Bringing it All Together
A comparison of the performance of lookup tables in all of our simulations is here, alongside a simulation for a 2 kB lookup table:
These siumulations show us the problem of lookup tables and microbenchmarks: the cache hierarchy completely destroys the results of the benchmark by operating on the far left side of the graph. Most bits of code tend to perform slightly better in microbenchmarks than in situ thanks to the cache hierarchy, but lookup tables get an extreme version of this benefit. Once your lookup table gets evicted down the cache hierarchy, it starts to slow down significantly.
Unfortunately, the range between “10” and “100” on this graph is the critical zone for performance- sensitive functions, and that is the region where even small lookup tables start to get slow and start to see a lot of variance in their performance. This is when the caching architecture of modern CPUs tends to stop favoring you.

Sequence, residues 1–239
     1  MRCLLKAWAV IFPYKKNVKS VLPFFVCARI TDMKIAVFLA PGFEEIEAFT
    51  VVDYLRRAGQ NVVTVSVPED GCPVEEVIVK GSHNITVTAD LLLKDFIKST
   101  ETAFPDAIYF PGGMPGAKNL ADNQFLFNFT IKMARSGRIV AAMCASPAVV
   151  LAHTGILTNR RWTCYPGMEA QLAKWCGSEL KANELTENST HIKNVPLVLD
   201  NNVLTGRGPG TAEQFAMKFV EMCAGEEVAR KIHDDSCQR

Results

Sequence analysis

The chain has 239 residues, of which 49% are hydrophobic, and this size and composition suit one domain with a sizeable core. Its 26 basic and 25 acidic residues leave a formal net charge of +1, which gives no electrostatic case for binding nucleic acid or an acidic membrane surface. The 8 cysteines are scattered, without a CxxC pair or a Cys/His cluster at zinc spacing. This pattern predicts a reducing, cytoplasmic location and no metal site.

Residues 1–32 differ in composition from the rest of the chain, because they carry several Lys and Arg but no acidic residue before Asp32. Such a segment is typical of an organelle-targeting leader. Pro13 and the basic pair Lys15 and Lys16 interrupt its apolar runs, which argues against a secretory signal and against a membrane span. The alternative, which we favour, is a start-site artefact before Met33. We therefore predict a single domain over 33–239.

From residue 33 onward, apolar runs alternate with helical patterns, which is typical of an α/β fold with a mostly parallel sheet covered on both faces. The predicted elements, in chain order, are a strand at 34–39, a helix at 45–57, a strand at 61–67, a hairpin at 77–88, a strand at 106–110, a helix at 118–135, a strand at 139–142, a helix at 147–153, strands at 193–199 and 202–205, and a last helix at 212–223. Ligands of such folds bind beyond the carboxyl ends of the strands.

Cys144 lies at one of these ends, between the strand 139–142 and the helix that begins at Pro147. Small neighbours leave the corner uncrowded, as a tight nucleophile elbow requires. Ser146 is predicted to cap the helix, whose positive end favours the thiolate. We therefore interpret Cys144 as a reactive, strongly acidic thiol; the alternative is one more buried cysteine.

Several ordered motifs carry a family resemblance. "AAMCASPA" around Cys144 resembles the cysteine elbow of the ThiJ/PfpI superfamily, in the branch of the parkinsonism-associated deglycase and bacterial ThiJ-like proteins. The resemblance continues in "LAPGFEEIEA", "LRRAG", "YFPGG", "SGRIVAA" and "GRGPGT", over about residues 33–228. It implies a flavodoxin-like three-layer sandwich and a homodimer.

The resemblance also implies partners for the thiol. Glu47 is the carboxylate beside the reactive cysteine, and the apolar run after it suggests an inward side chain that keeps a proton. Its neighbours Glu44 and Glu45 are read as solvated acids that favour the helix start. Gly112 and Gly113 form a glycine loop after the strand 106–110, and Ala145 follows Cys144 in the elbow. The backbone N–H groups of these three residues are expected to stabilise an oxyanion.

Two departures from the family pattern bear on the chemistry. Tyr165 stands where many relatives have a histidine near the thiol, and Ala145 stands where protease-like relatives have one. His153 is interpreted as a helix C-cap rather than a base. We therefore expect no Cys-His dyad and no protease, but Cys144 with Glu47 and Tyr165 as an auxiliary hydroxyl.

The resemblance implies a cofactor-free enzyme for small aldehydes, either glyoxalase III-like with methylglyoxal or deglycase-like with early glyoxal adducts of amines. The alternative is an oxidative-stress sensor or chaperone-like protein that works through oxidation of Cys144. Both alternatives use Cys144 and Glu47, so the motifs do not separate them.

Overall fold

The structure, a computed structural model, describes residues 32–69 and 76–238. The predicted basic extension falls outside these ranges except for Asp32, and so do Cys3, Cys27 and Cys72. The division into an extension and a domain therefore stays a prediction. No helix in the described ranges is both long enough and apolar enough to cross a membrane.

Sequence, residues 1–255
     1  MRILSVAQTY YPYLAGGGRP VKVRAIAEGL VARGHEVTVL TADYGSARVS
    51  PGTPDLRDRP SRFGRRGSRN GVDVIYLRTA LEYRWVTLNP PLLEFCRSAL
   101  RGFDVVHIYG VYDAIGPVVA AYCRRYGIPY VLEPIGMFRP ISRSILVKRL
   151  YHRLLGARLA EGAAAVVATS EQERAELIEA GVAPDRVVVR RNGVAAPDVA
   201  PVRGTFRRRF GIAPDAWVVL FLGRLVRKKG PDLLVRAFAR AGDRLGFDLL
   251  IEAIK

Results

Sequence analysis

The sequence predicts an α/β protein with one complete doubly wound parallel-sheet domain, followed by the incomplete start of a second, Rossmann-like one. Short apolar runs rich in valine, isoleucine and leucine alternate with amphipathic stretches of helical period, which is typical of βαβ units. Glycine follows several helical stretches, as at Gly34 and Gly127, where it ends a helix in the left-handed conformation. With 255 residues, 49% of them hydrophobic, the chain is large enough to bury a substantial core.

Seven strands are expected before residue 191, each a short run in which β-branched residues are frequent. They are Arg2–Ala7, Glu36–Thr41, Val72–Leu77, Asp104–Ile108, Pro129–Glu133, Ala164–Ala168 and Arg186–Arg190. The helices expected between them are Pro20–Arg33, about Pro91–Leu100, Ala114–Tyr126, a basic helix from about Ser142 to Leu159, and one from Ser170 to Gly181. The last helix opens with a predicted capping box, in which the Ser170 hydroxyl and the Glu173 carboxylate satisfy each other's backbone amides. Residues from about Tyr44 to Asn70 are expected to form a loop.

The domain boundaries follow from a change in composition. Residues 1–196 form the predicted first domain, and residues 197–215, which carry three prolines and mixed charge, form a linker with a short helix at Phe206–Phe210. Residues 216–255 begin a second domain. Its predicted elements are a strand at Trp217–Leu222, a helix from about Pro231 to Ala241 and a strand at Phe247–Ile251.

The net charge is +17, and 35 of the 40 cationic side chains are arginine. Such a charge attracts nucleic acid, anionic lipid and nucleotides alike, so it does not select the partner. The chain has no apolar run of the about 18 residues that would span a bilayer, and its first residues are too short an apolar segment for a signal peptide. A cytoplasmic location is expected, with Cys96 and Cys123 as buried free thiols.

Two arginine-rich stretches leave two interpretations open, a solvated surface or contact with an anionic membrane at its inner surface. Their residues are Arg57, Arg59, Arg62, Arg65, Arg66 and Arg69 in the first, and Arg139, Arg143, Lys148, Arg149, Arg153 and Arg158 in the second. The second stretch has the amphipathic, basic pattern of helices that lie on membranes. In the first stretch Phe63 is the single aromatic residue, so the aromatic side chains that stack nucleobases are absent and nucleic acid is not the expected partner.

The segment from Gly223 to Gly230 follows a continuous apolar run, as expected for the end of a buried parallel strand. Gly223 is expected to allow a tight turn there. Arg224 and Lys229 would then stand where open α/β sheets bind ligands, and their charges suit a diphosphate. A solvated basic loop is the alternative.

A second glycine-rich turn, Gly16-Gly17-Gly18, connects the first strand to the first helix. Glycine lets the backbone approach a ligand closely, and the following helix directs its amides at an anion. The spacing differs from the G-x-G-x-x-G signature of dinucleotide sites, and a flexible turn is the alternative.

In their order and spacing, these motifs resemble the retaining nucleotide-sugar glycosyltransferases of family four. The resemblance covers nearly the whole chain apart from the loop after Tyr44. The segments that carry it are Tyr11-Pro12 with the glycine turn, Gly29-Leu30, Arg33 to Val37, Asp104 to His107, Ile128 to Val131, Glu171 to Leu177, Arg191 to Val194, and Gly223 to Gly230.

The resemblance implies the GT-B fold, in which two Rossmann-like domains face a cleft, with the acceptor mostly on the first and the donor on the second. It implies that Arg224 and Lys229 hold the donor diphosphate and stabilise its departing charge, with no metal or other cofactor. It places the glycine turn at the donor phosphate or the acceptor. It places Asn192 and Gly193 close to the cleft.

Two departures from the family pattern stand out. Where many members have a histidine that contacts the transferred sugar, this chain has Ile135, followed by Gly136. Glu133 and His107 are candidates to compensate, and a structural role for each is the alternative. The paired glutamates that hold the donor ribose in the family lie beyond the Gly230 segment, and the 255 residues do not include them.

Non-uniform Access Patterns
Up to this point, we have been assuming a uniform random access to the lookup table. Sometimes this is not true. If we have nonuniform access patterns, the commonly-accessed parts of the lookup table are more likely to be closer to the core, but the uncommonly accessed parts are likely to be farther.
To look at this case, I simulated access to the lookup table using an exponentially distributed pattern to simulate a non-uniform access pattern. In one simulation, 63% of acceses (1 standard deviation) go to the first cache line. In the next simulation, 95% of accesses (2 standard deviations) go to the first cache line. The results of the simulation, with the 64B table and a uniform access pattern for comparison are below:
The one sigma case may have worse performance than the uniform case! The cache misses incurred on the other cache lines of the table are expensive, and more than make up for the performance gain you get from one cache line being a lot hotter than in the uniform case. As the function gets colder, non-uniform access to the lookup table starts to help a lot - I cut this graph off at 100 intervening accesses to show the interesting region better, but the trends you see at 100 continue.